A half-hour drive to Ravena, a scoot
east to Coeymans, a slide next to a scenic town park, and hugging the
river is Yanni’s Too. Again, like Catskill’s Port of Call and Dock
Street Station last month, we enjoyed the river views and gawked as a
couple large ships glided past.
Yanni’s menu is
classic casual-river, and then some. Try calamari four ways; a dozen
starters of seafood, nachos, fries, wings; ten sandwiches and wraps;
burgers done six ways; three steaks, with six “enhancements”; ten more
entrées, five fried baskets; four Italian meals; and a dozen desserts.
And if one checked the online menu ahead of time, a made-up mind
might have been changed by the Specials sheet listing another ten
appetizers and fifteen entrées.
--> Lobster mac & cheese, gigantic
bowl (Deb K: excellent, doggie bag was as big as the bowl)
--> Fried shrimp basket, with a big
handful of fries, coleslaw, and two sauces (Chay & Kriss: both very
--> Fried scallops baskets (Deb T: good
but might have liked a non-fried choice)
--> Ribeye steak, with onion ring topping
(Ken: very good)
--> Broiled seafood trio – fish, shrimps
& scallops with bread crumb topping (Kerry: ok)
--> Broiled grouper topped with lobster
pieces and sauce (Don: tasty, fish a bit soggy)
--> Caesar salad with chicken (Julie:
Most of the entrées came with steamed vegetables – satisfactory
dotted the table.
salad (Deb T, Chay, Ken: all good)
chowder (Kerry: very good)
A table share
fresco - fresh tomatoes, roasted red peppers, kalamata olives, extra
virgin olive oil and aged balsamic vinegar on grilled bread. The bread
could have been toasted a speck more.
Famous Calamari, seasoned with lemon-garlic-wine, deemed good by the
Both were devoured in short time.
was almost passed up again but Kriss pressured Don:
chocolate cake (Kriss: very good)
mousse cake (Don & Deb share: a pleasurable dessert)
The drink order started with our
arrival at the indoor bar at Yanni’s, most of us drinking draft beer or
gin & tonics, and this carried over to the table.
centers on the river. Arriving just after 6 p.m., in late August, we
soaked in the summer feel of shirt sleeves and water and boats and
greenery. Our table placed us feet away from the water, about ten feet
above river level—a pleasant arena to enjoy dinner.
The building looks like an old pavilion that got improved, and then
revised, and improved again. Inside, a large bar dominates, a small corner
occupied by DP8ers until we were ready to move riverside. Outside, the
metal-covered roof, about fifteen feet long, covered about seventy feet of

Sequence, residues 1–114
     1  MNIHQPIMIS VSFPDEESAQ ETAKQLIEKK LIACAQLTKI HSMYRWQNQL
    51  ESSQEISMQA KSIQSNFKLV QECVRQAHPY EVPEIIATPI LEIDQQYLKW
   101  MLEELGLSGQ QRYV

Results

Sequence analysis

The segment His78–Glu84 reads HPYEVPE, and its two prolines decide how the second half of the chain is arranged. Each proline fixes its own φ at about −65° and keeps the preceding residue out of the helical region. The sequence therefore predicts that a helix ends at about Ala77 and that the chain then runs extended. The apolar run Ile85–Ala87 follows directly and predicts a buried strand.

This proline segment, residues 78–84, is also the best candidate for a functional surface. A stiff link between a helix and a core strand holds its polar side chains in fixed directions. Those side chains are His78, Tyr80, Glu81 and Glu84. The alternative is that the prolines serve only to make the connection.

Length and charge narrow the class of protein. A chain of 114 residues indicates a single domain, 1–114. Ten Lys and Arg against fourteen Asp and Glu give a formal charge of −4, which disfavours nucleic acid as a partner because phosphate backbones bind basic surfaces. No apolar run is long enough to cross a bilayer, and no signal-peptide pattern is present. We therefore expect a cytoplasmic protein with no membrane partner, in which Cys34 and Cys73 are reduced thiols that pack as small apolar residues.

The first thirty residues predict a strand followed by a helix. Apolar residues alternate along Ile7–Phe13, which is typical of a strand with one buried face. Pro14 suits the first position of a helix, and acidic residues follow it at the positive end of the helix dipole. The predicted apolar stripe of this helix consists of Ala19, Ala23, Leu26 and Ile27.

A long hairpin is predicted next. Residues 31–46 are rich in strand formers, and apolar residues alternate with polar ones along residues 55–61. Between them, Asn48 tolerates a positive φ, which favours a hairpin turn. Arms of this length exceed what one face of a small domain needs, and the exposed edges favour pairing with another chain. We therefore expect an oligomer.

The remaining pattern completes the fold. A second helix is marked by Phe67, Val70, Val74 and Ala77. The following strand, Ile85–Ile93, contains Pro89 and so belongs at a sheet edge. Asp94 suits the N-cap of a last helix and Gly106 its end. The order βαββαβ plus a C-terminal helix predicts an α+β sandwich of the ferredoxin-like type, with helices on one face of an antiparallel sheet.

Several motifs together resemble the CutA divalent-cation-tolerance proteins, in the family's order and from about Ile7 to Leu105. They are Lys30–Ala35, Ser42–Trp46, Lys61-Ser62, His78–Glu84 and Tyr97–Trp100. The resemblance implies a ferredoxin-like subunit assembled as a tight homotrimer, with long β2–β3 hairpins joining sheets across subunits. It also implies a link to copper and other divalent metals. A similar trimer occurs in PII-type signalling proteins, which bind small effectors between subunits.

tables, with a plastic-roofed extension adding more dining space.
As dusk fell, the two rows of lights, twenty in a line,
half-garishly lit the area, while the trees across the river faded into
darkness before the rising full moon silhouetted them. Passing boats and
ships created a wake that glistened in the glow of the moon.
The background music from the live band indoors, the laughter of
the tables nearby, the scruff of loose stone of those walking nearby added
to the feeling.
Tables were joined, covered by dark linen, and covered with
napkin-wrapped sets of a knife and fork. It was classic outdoor summer
dining that we will recall several months from now.
by Colleen was excellent. A middle school teacher, she found out our past
occupations (oops, sorry, Kerry) and we told teaching stories for a
minute. She seemed busy but took care of us in a personable and attentive
way, a perfect match for the evening. (The only quibble was a waylaid
ketchup bottle.) Good luck with the school year, Colleen.
The bill for the evening, including
all costs, came to $72 per couple, plus the drinks we had ordered at the
It’s been a rare DP8 summer, with
both months designated at group picks at riverside establishments, and
with no pre-session. It will be a choice to discuss for future summers.
All arrived at Yanni’s in good time, except for South Cairo car that
tried the industrial park first.
the car or at the bar or at the table, included: the Karneses trip to
Cayman, the Quinns’ youngest is a Syracuse freshman—should be an empty
nest but older siblings are still home, George Pulver’s passing, job and
residence status of children, the second grandchild of the Monteverds and
the obligatory oohing at the photos, Ken almost snapping his neck noticing
two young beauties approaching, the Delaware County Fair, the golf games
of Chay and Kerry, Julie’s new love, Mexican soap operas, cruises on the
Hudson River, the recent nice weather with only one warm spell, paving of
local roads, a Finger Lakes trip, the whereabouts of the Adamses (Europe)
and Pisano & Burhouse (NC), Deb’s art opening, Don’s century,
driveway coatings and costs, visions of Florida, and more that have eluded